Calabasas has numerous hiking trails throughout the surrounding mountains, but did you know those paths and hills house many hidden treasures?
If you've ever hiked these local trails and noticed individuals outfitted with backpacks and water canteens while holding global positioning satellite (GPS) units, you may have thought to yourself, "That's overkill. This isn't the Serengeti."
But these are not your everyday day hikers.
They are treasure hunters, adventurers and, yes some of you may have guessed it, geocachers.
Geocaching is a high-tech treasure hunting game in which players look for canisters or containers hidden in the surrounding environment.
I will never forget the first geocache that I discovered, although it was by accident.
It was a sunny day with mild temperatures, about a month or so after spring rains had nourished the San Fernando Valley, and I was gazing from atop Summit Mountain Way.
The scent of chaparral wild flower was floating through the air, its sharp, wild and strong aroma biting at my nostrils.
"Let's go off the main trail a little," my fiancee, Shawna Burreson, said.
After awhile I noticed a pickup truck sticking out of the earth that had probably been crashed and abandoned during some youthful drunken escapade that ended badly. It looked an alien monolith, a stranger to this land.
Deciding to investigate, I asked Shawna to wait for me and I hiked down the hill. After 10 or 20 feet, I noticed an unusual looking box.
It was camouflaged and had strange graffiti on it.
"I found something!" I yelled.
After a few minutes of trepidation—and deciding that the box wasn't some sort of death trap—we excitedly opened it and by doing so discovered a whole new world of treasure and games.
Geocaches can be found concealed beneath rocks, behind boulders, underwater, and even hanging from the trees camouflaged as little treasure boxes.
The boxes vary in size from large ammunition ones the size of a briefcase to tiny film containers, what treasure hunters call "micro-caches."
The caches may contain such items as small toys known as "travelbugs" (which are trackable items placed there by another geocacher), trinkets, coins or head lamps.
I will never forget the look on my son Dante's face on another adventure when I found a little booklet explaining how to do a magic trick that had been placed inside a cache near the point where Stunt Road turns into Saddle Peak Road.
Dante had this glimmer in his eyes when I showed him the prize.
One can never be sure of what a cache will hold. The lucky may discover items of value such as gift cards, airplane tickets or even cash.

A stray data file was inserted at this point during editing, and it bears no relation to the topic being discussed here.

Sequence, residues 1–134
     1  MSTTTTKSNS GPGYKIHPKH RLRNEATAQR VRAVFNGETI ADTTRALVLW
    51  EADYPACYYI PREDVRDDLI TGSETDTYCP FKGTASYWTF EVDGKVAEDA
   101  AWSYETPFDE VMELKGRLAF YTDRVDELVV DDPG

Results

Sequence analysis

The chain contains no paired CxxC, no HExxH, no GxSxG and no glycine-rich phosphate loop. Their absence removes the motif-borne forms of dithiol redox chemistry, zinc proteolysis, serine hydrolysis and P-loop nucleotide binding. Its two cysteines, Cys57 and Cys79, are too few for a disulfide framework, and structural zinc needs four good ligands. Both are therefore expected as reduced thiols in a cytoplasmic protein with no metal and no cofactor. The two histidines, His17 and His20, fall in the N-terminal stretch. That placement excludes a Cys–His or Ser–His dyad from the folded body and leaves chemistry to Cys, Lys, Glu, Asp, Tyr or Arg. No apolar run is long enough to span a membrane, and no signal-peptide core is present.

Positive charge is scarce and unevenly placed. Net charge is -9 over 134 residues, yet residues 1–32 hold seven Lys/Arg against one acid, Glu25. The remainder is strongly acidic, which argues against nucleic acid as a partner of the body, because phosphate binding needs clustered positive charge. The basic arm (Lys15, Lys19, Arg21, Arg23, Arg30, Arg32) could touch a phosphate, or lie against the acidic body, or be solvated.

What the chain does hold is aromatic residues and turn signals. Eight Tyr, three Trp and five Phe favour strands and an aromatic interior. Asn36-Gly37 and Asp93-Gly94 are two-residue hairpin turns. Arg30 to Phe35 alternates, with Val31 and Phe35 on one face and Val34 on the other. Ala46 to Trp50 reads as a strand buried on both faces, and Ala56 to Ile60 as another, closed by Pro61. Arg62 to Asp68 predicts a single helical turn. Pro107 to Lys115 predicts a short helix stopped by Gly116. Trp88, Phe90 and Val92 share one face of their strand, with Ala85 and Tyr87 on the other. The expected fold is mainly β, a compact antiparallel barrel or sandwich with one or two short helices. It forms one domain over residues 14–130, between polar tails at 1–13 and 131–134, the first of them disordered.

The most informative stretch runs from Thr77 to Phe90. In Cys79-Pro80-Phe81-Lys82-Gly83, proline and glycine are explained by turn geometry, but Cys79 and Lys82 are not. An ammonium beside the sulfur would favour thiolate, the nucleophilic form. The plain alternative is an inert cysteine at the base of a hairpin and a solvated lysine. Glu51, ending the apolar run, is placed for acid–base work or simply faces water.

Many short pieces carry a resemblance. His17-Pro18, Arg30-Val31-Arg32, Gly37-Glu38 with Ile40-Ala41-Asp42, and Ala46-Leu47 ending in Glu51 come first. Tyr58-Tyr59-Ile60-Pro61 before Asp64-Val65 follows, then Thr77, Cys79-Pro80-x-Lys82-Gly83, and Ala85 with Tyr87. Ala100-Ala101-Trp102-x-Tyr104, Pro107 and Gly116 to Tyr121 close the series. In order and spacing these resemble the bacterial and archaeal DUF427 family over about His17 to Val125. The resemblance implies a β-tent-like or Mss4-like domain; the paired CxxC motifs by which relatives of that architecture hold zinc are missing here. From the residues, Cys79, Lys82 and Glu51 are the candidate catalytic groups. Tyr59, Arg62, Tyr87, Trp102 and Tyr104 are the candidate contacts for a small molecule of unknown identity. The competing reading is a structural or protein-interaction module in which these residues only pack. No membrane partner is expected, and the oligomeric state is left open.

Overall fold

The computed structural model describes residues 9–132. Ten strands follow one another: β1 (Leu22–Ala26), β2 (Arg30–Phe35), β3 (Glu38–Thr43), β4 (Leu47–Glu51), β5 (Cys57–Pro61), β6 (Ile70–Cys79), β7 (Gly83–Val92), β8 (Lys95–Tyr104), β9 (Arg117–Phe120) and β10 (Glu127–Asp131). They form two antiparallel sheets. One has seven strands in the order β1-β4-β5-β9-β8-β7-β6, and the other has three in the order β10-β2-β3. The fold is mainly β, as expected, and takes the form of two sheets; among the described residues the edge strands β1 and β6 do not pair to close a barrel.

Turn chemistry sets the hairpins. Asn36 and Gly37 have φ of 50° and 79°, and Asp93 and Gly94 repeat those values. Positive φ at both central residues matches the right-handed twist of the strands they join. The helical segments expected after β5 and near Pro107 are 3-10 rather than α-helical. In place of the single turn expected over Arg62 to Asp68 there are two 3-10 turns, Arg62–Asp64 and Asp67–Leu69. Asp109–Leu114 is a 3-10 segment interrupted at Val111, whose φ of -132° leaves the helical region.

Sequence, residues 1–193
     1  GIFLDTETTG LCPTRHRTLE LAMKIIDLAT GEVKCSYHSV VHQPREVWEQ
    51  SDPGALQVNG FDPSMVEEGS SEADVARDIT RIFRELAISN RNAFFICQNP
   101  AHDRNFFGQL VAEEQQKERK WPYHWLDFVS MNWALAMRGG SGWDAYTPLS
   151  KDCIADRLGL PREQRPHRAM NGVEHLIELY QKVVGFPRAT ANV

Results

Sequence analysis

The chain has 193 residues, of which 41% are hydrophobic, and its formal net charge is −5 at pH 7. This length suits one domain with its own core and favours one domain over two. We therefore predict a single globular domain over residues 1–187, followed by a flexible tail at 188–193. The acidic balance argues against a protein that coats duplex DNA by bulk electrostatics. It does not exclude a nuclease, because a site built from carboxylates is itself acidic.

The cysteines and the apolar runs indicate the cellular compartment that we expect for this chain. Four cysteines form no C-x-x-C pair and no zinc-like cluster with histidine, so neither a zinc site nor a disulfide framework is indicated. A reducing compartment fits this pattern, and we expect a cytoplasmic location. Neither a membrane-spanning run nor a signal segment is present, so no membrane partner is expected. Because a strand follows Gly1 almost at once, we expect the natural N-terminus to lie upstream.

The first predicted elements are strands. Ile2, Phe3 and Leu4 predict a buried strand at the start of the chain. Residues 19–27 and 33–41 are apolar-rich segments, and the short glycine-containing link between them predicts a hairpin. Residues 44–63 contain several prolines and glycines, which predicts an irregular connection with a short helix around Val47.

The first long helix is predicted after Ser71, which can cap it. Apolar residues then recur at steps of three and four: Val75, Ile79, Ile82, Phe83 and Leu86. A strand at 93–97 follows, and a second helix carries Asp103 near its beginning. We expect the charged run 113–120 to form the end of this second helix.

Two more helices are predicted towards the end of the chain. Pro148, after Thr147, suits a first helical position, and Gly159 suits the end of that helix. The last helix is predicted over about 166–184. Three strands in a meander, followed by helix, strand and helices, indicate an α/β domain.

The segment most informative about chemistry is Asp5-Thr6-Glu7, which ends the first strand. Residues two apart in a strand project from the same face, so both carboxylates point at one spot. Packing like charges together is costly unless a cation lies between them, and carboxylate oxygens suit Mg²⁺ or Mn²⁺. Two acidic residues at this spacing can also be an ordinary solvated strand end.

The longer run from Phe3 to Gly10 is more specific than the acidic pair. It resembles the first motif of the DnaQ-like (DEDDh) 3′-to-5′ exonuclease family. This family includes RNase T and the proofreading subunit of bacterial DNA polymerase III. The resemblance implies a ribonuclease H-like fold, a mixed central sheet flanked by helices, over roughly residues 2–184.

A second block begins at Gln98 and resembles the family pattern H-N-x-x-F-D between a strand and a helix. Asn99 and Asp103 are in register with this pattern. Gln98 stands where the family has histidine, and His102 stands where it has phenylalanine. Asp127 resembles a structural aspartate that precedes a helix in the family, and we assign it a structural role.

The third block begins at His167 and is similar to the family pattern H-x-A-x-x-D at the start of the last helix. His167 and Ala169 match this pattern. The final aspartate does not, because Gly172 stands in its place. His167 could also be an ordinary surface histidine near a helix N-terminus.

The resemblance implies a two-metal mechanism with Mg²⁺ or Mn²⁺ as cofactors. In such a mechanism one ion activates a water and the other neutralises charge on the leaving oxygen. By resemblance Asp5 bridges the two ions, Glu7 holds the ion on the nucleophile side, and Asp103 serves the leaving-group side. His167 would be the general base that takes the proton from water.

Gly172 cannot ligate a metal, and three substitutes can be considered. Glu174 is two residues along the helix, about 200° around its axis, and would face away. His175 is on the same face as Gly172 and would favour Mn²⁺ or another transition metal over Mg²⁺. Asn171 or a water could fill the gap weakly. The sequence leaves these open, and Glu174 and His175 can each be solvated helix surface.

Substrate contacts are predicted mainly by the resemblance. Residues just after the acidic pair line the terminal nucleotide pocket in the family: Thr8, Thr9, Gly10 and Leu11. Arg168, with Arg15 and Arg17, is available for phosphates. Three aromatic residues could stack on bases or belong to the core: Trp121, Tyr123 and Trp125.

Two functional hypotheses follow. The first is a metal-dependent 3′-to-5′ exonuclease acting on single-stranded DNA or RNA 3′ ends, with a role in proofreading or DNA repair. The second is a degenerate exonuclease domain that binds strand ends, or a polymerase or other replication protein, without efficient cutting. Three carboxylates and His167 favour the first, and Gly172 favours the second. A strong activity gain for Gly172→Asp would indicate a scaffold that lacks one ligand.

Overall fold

So, you wanna play? There are two ways to get involved. First, you could stumble upon a cache like I did and find yourself in the game. Or second, you could buy a GPS unit and then go to www.geocaching.com, the official global GPS cache hunt website.
Download coordinates to your GPS and get started. Can't afford an expensive GPS? There are affordable GPS units designed strictly for geocaching, such as the Apisphere Geomate Jr. that costs about $70 on Amazon.com.
However you get started, the real joy and true treasure arises from the adventure of the hunt rather than the prizes uncovered.
The game offers an excellent way of discovering new trails and interesting views you may never have otherwise found.
It can be educational too. Earth-caches contain interesting geological or natural information about the neighboring area.
One thing all geocachers have in common is a love for the environment, and so they respect the natural surroundings by obeying a few unwritten rules.
One: No one ever talks about Fight Club. Oh, wait, wrong club. OK, let's try that again.
Rule No. 1: Always respect the natural habitat of the playing field. This includes obvious measures such as not littering, not disturbing wildlife and not vandalizing the area.
Rule No. 2: If you take something from the cache, leave something. Bring along a small pack of goodies to replenish the cache.
Rule No. 3: Log your visit by writing your name, which could be a nickname, in the logbook that each cache should contain.
If you want, share your experiences online at the geocaching site.
Of course, respect all laws and do not leave any drugs, knives, explosives or guns in the cache.
Remember, this is a family-friendly game. It's a great way to encourage your children to do something fun and healthy outdoors.
A word of caution: One should always carry enough water, a map and a compass even when day hiking in the Calabasas area because the chaparral, woodland and riparian terrains can be tricky to navigate.
Good luck in your hunt, learn the lingo and watch out for things that bite!